Student Life

NYU Mobile App

NYU Mobile

Staying connected today means being “mobile.”  Instant access to information wherever you are is becoming essential to our day-to-day lives.

NYU students are digital natives, highly social, always connected, and collaborative. They consume diverse media, demand open access to everything, and they lead 24/7 lives not just in a city that doesn’t sleep, but around the world.

NYU faculty looks for opportunities to experiment with and improve the learning experience, creating a teaching and learning environment that goes beyond the confines of the traditional classroom.

Our staff keeps all the important pieces all around the world moving smoothly for a great education experience.

NYU is mobile.


For your iPhone, iPod Touch, and Android.

  • Real-time shuttle tracking
  • Enhanced Safe Ride features
  • University events
  • Job postings on CareerNet
  • Service opportunities on ServiceConnect
  • Campus map
  • Contact information from the NYU Directory
  • University news
  • Emergency Notifications
  • And more
 Download on Google Play
Download on App Store
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Preparing For the Hot Weather

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During your program you’ll be spending time outdoors; shooting, traveling to classes or going to events. Here’s some great tips from University Programs to deal with a NYC summer:

Drink WATER: Stay hydrated throughout the day. Bring a water bottle with you to both class and events. You’ll be happy to have some H2O no matter where you go!

Wear sunscreen and sunglasses: Don’t be fooled. Just because you’re spending your summer in the city and not the beach doesn’t mean you won’t get burned by the sun. If you expect to walk around the city on a sunny day, make sure to put some sunscreen on your face, arms, and legs. Risking a day in the sun without sunscreen may result in a lobster-red sunburn–don’t let this happen to you!

Wear light and light-colored clothes: As we all know, dark colors absorb heat and light colors reflect it. Keep that in mind when getting dressed in the morning.  Also, leave the dense, heavier clothes at home and be sure to wear something that breathes.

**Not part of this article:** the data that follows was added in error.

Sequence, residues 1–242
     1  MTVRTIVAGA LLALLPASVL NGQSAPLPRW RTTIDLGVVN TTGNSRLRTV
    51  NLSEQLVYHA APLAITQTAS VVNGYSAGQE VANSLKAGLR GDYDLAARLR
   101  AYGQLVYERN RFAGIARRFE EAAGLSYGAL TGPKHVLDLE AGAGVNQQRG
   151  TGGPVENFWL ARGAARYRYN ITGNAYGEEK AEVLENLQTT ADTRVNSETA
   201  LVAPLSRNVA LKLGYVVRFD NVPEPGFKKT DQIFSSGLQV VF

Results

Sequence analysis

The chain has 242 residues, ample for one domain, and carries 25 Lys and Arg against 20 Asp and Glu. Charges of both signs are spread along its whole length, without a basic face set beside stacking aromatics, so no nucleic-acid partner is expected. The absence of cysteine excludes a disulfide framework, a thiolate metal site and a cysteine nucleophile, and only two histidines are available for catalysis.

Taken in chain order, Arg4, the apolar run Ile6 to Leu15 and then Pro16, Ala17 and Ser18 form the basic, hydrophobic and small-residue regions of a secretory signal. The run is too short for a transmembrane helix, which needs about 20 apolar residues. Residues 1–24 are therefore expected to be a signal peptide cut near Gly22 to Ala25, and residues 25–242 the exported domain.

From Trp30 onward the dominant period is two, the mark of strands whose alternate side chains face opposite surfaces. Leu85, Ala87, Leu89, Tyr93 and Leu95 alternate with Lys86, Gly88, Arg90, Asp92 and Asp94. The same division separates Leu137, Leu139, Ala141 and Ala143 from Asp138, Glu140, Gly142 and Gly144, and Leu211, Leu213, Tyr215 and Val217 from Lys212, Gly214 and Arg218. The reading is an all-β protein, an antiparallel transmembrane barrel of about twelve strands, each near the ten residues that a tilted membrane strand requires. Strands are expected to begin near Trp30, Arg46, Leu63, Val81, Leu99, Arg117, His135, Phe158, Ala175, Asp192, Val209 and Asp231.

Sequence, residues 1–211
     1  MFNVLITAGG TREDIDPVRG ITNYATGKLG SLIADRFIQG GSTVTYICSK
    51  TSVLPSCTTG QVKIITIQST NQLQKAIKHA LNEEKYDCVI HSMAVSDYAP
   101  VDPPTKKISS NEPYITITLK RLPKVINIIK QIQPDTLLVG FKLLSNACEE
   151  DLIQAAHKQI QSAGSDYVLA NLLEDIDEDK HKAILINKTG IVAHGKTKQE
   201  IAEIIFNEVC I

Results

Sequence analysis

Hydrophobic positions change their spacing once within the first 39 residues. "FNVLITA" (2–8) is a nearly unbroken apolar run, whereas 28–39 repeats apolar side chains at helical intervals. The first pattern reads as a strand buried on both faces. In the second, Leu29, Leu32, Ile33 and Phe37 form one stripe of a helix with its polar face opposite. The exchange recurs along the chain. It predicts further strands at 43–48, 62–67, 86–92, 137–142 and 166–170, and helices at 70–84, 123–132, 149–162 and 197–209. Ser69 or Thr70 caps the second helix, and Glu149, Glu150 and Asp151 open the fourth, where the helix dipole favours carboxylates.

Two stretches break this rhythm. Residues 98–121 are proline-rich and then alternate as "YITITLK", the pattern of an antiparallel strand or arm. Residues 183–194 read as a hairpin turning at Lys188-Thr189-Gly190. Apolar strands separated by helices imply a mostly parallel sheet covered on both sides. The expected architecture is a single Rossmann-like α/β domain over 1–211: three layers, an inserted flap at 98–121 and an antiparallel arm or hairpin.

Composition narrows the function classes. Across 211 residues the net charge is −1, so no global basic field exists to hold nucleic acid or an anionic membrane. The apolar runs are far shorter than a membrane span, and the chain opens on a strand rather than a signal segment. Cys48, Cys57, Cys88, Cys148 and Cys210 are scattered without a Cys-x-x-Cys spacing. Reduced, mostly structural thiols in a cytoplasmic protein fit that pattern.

Take a break: Feeling the heat?  Don’t rush or push yourself to walk that extra ten blocks. Duck into a store or sit down in the park to rest, cool down, and re-energize before going along on your merry way.

Your Program Assistants

On July 9th you’ll be meeting 35 eager, helpful, happy, knowledgeable, PAs, who are counting down the days until your arrival on campus!  “That sounds great!,” you say, “but what is a PA?”

Weinstein Residence Hall will be housing Tisch High School, Steinhardt Music and Performing Arts Professions, and American Language Institute Global students this summer. PA is short for Program Assistant.  Program Assistants are NYU college students who will be living in the residential hall and will be your first source of information and support during your time at NYU.  All Tisch High School students will be assigned to one or more PAs.  Your PA will be hosting events  for your floor community, will be running Weinstein’s evening and weekend programs, and will be available to you when you have a question or concern about your time at NYU.  PAs are basically a walking guidebook about NYC and encyclopedia about all that is available to you at NYU! For more about your PAs, see here.

Your PA wants to help you have a successful four weeks, so never hesitate to reach out to them while you are here.  They are spending this month preparing for your arrival, so believe it when we say they cannot wait to see you in a few weeks!

Roommate Relations

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For many of you, this will be the first time you will have a roommate. Living with a roommate can be one of the most rewarding experiences but it can also have its challenges.

Below are tips for students living in the NYU residence halls from the Office of Residential Life that you can utilize this summer:

1) Communicate.

This is the most important thing you can do to help foster a strong roommate relationship. It’s much easier to live positively with another person if you discover who they are and what they’re all about. So get some good conversation going in the early stages of your roommate relationship. In your own words you can ask questions like:

  • What do you get really excited about?
  • What movies/plays/TV shows/music do you like?
  • Where are you from? What was is it like growing up there?
  • What makes you really happy? What really annoys you?
  • Are you a morning or night person? When do you usually go to sleep?
  • How do you want to split up room cleaning duties?

If you have a concern or a conflict occurs, it can get ugly fast if roommates do not talk to one another, start complaining to others, or you expect your roommate to just know when something is wrong.  Instead, be proactive in making your communication style healthy and effective. Do not lapse into assumptions about your roommate’s behavior. There are always more layers to a person than meets the eye.  Do not gossip–it just lets the problem continue, spreads negatively, and keeps your roommate in the dark.  Say what you mean–dancing around an issue may confuse your roommate, and it rarely gets to the core of the concern.  Be direct and to the point when communicating to your roommate and neighbors. Finally, there will be times when you connect, leading you to agree on an issue and other times when you will be at odds and disagree with each other. Sometimes, agreeing to politely disagree is also a solution.